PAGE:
Green Room is the third feature film of Jeremy Saulnier, known for also directing 2013’s Blue Ruin. The big name actors in Green Room are Anton Yelchin and Patrick Stewart. Sadly Yelchin stands out in this film for having recently died in a freak accident at a young age. Stewart is incredible as the leader of a group of neo-nazis in rural Oregon.
Green Room is essentially the story of a punk band’s misfortune on tour. Early on we see Yelchin’s character and another band member siphoning gasoline from cars in a nearby parking lot. But what can you expect? This is a hardcore punk band comprised of three young men and one woman so its not surprising to see them steal. The film establishes its characters early on so we can understand the consequences of what happens later. Through a series of bad events, the band accepts a gig playing at rural bar that they discover is filled with neo-nazis. After their set, the band stumbles upon a dead girl in the green room which sets of a series of events with grisly implications. The band becomes trapped in the green room while nazis plan to kill them to cover up the murder.
That’s really the gist of this film. There’s no obvious deeper meaning. This is a very primal and human movie. I found it incredibly refreshing. I feel like every movie I see these days pretends to have something deep on its mind. Every once in a while, it’s nice to see a movie with no pretensions whatsoever. It’s very clear who is bad and who is good and its beautiful to watch. That’s the other great thing about this movie. It’s absolutely stunning as a technical and visual achievement. Saulnier and his team have proven themselves adept at making movies. It’s only a matter of time before Saulnier rises to greater heights because his level of talent can only stay hidden for so long.
Green Room is an incredibly violent movie but each act of violence is felt deeply by its characters. Sometimes movies like Green Room can become sort of cartoonish in their overuse of violence. I find this off-putting. I don’t watch movies to laugh my ass of like a little kid when someone’s head get chopped off. Some of the special effects are a bit phony looking for my taste but I appreciate what Green Room is trying to do. Saulnier and company are trying to make a fun genre movie for people like me. It’s a movie that would appeal to the band members in the movie. It’s brutal and doesn’t give a fuck. The writing in this movie is also phenomenal. Dialogue creates a sense of history and purpose for the characters without getting too deep.
Watching Green Room is like taking a class in how to create a low-budget horror thriller hybrid. I will definitely be watching this film again so I can soak up how it achieved its effectiveness. I love that Green Room is the movie Saulnier decided to make after Blue Ruin, because while I enjoyed Blue Ruin, it didn’t have that much of an effect on me. Green Room on the other hand is the kind of movie that I find perfect in every way.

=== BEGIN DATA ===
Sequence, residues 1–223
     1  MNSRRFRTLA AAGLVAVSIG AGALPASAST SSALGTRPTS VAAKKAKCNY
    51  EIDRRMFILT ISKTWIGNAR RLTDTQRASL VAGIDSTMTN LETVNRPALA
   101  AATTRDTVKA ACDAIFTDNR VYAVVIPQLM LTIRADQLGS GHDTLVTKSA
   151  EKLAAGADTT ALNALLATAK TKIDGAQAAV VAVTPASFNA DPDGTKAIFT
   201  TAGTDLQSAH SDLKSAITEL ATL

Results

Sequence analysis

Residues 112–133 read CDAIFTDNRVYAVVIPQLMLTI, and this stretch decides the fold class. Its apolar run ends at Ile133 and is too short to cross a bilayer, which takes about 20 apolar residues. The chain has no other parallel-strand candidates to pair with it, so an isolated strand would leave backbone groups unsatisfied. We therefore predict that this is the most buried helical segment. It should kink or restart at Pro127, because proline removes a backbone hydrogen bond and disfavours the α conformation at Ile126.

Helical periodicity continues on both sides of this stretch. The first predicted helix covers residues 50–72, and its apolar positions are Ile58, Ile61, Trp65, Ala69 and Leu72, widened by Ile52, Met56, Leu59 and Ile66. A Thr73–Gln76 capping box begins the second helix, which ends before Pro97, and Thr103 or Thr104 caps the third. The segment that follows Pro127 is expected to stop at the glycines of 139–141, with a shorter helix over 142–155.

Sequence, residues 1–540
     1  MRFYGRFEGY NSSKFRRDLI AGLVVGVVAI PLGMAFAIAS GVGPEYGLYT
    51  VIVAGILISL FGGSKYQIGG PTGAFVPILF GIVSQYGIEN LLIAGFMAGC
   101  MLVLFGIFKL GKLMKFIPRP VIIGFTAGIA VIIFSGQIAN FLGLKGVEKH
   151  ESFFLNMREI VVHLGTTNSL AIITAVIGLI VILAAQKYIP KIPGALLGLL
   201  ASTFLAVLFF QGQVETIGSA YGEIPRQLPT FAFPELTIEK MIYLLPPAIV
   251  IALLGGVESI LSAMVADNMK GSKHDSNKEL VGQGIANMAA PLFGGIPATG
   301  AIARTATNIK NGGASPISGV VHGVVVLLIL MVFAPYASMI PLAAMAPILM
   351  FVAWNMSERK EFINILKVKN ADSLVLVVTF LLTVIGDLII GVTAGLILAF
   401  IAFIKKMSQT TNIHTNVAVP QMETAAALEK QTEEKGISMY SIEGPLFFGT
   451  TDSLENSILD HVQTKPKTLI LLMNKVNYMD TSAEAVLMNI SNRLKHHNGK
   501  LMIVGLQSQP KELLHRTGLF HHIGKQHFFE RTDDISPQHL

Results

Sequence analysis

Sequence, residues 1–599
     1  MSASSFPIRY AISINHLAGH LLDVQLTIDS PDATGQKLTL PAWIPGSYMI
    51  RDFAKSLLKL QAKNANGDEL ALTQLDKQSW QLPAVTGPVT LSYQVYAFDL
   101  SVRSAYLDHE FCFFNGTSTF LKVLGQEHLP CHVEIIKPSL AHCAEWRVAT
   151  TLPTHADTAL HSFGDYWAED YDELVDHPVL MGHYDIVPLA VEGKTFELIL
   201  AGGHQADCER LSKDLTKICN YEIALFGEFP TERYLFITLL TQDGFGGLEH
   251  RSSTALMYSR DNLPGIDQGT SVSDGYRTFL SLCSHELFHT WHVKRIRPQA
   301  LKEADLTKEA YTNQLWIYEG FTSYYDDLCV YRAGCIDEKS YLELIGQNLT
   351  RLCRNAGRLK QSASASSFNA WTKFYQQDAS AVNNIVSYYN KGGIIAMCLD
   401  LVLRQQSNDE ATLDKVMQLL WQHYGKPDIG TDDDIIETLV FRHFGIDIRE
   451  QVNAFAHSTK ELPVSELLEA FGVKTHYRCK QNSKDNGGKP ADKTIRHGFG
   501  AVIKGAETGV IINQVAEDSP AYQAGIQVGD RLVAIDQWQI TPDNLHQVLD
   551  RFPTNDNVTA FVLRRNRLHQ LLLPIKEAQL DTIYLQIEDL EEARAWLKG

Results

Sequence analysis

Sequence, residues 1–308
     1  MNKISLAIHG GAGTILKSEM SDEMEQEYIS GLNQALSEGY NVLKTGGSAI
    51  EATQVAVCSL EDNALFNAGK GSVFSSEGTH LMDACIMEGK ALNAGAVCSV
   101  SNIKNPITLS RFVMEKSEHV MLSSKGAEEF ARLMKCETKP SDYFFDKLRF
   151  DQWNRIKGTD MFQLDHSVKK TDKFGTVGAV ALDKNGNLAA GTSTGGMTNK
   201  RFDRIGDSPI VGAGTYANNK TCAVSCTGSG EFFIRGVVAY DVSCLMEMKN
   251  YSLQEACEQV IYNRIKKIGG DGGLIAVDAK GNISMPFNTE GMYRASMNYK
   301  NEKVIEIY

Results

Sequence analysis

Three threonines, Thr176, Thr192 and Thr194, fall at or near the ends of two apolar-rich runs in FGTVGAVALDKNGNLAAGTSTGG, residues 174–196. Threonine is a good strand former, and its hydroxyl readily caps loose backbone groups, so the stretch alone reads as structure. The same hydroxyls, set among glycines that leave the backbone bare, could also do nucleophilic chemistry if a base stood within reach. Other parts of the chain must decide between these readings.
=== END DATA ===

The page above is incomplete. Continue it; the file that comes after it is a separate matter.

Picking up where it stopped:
They Live is a science fiction action horror film written and directed by John Carpenter in 1988. It stars Roddy Piper, Keith David and Meg Foster. Roddy Piper plays a drifter, called John Nada in the credits, who discovers a secret ruling class of aliens by wearing sunglasses. They Live is famous for having a great fight scene and great cheesy lines. Carpenter has called They Live a documentary because the world it depicts is so similar to the world of today.
I watched They Live because it was featured on an episode of The Canon podcast. This podcast is a great resource for film nerds. I could tell from Devin Faraci and Amy Nicholson’s thoughts on the film that it needed to be seen sooner rather than later. I don’t usually see every film that they talk about so this one was different. When this film came out, I had yet to be born so how would I have any knowledge of its existence?
One of my favorite things about this film is hard to describe. There’s a certain vibe or feel to some 80s movies that adds to the experience. I wasn’t alive in the 80s but I can feel what it was like to live there from movies. John Carpenter’s films feel particularly grounded in their historical time and place. I find myself wishing that I had lived during the 80s to experience the decade’s great films firsthand.
The premise and ideas of They Live are more relevant today than they were in 1988. The world of They Live is the world of today, except for the aliens. The United States is ruled by money and those with money do everything they can to maintain their power at the expense of those beneath them. The lower classes are kept in check by their need to obey and consume. The truth is painful in They Live. Wearing the sunglasses gives John Nada a headache because reality is physically painful to experience. It is so much easier to succumb to the wishes of those in power. But there is so much to gain from attacking the system. The part of They Live where John Nada and Frank Armitage infiltrate the aliens’ base, shooting them left and right, is such satisfying cinema. It’s the ultimate power fantasy for anyone who has ever suffered from being abused or exploited.
TV is the enemy in They Live. It is the most useful alien tool in keeping the lower classes at bay. Somehow destroying a broadcasting signal reveals all the aliens in their true form. The final scene of this film depicts a woman looking down as the man she is having sex with has been revealed as a ghoul.
I recommend seeing They Live as soon as possible.
If you have any recommendations for great films from the 80s, let me know.